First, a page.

Overflight, 116

There is a tendency to read about these trends with a kind of detached fascination: Isn’t that interesting! But where is the relevance? Why get excited over such technicalities and abstractions? So what if the government is mired in debt? Who cares if the interest will never be paid? What of it if we have a world currency or a world government? What difference will any of it make to me?
The first step toward answering those questions is to see what difference it already has made. Our upcoming trip into the future will merely extend those lines.
As illustrated in previous sections of this book, there has been a long−term policy at the highest levels of government to shift economic resources away from the United States. That policy has been successful. Based on doomsday predictions of environmental disaster, government has saddled private companies with such burdensome expenses for eliminating waste products that heavy industry, once the mainstay of American prosperity, has fled our shores. Because of concern over the natural habitat of the spotted owl and the desert kangaroo rat, millions of acres of timber and agricultural land have been taken out of production. High taxes, rules beyond reason for safety devices in the work place, so−called fair−employment practices, and mandatory health insurance are rapidly destroying what is left of America’s private industry. The result is unemployment and dislocation for millions of American workers.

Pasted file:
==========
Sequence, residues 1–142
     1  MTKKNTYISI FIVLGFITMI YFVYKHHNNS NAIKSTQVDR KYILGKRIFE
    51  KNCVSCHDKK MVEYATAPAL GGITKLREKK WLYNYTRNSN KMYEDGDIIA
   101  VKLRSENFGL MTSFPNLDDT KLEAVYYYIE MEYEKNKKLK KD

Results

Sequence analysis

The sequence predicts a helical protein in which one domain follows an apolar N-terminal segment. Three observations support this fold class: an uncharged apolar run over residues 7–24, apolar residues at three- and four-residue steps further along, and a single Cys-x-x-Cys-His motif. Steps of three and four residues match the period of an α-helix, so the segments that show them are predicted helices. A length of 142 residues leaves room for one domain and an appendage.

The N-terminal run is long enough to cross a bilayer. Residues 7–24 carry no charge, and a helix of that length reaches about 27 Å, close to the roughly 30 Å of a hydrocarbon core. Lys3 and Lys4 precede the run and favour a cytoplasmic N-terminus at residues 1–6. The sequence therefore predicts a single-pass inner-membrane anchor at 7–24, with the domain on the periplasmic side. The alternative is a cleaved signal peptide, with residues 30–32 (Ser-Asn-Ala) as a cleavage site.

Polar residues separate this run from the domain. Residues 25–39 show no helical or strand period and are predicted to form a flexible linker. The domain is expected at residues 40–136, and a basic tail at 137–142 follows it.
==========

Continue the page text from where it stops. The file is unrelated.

Federal taxes, including social−security, now take more than 40% of our private incomes. State, county, and local taxes are on top of that. Inflation feeds on what is left. We spend half of each year working for the government.